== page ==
Hairdressers could be entitled to claim compensation if they develop dermatitis02 November 2006
According to personal injury specialists Thompsons, hairdressers could be entitled to claim compensation if they develop dermatitis. This follows the health inspectors’ announcement that nearly half of Britain's hairdressers are suffering from a debilitating and career-threatening skin disease brought about by the chemicals used in their trade.
The condition, dermatitis, is affecting approximately 50,000 hairdressers and barbers across the UK, due to widespread flouting of safety regulations by salon employers. Staff are contracting dermatitis through regular exposure to products containing large quantities of chemicals, such as peroxides, soaps and shampoos. The condition develops when hairdressers are routinely engaged in "wet working" - washing hair or applying chemicals and dyes to a succession of customers. Problems can be avoided if hairdressers use synthetic gloves made of vinyl or nitrile whenever they wash hair or use chemical products.
Dangerous Chemicals and Latex Gloves
Matthew Tollitt, from Thompsons Solicitors in Liverpool, explains: "The dangers of using certain chemicals powdered latex gloves are well known and we want to see an end to their use in the workplace. All employers – and hairdressers are no exception - have an obligation to comply with Health and Safety at Work legislation and should therefore protect their employees from such harmful substances."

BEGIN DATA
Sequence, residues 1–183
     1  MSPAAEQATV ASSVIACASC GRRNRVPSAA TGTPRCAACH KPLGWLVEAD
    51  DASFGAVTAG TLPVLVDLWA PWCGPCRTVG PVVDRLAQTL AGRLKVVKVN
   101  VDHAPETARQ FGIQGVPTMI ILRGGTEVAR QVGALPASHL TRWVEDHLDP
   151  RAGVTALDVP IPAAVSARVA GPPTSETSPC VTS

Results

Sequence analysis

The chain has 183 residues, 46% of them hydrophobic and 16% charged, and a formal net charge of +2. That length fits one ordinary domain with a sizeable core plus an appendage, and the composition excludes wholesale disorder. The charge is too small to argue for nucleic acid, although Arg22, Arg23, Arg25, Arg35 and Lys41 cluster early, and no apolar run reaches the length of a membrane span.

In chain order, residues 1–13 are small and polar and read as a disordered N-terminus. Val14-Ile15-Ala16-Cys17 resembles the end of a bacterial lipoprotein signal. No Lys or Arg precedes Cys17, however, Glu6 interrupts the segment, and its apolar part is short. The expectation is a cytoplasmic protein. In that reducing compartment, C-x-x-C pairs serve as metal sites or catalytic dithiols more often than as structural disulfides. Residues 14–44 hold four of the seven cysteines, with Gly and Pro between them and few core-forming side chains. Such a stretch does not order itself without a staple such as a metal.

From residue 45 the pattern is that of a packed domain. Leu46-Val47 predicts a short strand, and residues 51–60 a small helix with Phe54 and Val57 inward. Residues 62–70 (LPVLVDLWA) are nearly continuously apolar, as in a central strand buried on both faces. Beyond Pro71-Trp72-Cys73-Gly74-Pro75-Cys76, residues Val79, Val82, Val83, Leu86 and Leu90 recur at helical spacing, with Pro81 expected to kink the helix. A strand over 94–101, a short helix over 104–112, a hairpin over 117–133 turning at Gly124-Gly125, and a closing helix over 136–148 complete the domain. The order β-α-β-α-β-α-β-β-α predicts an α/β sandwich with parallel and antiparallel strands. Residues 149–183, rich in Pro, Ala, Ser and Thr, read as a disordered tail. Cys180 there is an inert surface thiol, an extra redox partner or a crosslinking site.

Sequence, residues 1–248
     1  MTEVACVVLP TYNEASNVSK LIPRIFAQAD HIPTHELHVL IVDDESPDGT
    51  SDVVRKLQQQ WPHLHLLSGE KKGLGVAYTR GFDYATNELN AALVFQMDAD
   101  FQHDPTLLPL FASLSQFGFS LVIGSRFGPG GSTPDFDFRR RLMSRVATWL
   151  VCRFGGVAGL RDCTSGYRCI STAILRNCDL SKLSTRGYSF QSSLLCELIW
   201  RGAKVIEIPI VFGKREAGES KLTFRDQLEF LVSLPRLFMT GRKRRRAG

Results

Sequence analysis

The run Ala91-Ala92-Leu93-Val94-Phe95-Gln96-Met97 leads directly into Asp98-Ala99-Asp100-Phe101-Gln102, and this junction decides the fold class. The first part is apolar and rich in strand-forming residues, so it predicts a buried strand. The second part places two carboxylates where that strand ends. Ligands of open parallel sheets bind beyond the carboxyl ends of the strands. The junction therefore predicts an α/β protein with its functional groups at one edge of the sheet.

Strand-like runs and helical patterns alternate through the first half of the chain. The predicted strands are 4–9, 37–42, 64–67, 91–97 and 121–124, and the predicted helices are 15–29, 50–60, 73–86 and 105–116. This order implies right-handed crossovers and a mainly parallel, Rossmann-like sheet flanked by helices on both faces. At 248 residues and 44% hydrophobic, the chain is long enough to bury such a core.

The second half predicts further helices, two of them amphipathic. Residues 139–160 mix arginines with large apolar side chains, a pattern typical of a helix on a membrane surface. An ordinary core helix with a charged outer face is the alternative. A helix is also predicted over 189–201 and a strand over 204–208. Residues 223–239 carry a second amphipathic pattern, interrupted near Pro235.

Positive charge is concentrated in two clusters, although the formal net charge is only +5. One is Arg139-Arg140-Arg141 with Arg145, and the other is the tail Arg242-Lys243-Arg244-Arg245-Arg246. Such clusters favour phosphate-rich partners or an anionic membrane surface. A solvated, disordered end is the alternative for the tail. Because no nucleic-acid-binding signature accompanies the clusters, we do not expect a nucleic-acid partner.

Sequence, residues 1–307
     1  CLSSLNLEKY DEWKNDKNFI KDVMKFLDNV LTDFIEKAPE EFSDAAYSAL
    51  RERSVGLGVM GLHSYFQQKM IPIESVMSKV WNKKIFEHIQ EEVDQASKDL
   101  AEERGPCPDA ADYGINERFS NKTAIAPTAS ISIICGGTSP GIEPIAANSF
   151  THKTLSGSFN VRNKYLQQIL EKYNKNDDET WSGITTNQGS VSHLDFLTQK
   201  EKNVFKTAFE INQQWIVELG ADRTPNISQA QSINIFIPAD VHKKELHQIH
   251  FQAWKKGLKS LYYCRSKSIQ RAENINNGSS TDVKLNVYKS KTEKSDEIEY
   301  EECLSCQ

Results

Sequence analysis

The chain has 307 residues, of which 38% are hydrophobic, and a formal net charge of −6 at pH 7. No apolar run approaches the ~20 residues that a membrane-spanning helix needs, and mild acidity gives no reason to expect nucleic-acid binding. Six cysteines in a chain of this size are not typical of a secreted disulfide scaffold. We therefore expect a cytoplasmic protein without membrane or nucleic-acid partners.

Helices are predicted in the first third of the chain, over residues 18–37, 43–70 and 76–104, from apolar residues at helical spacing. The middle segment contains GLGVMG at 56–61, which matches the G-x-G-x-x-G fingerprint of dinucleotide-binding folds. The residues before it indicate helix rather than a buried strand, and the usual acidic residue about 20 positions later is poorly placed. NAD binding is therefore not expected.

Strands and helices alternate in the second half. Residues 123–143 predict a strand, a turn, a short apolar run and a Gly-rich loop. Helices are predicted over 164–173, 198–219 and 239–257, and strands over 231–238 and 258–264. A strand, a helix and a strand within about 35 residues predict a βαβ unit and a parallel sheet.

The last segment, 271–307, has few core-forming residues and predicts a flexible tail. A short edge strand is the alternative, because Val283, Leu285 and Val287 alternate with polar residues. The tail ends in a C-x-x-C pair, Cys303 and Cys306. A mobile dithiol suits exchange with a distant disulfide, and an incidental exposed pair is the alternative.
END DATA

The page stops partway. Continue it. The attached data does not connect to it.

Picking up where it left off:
Two years ago, Thompsons, working together with UNISON, secured over £350,000 compensation and established an important legal precedent. The case concerned a nurse who developed a life-threatening allergy to latex while working at two hospitals in Swansea. Alison Dugmore was forced to give up nursing in December 1997 after she suffered a series of anaphylactic attacks as a result of using latex gloves coated with corn powder. She developed skin irritation and respiratory problems from the exposure and to this day has to carry an “epi-pen” with her in case she unwittingly comes into contact with latex.
Tollitt continues: "As a result of the Dugmore case, employers can no longer plead ignorance to the dangers of latex. If they do, and their workers suffer, they will be entitled to compensation."
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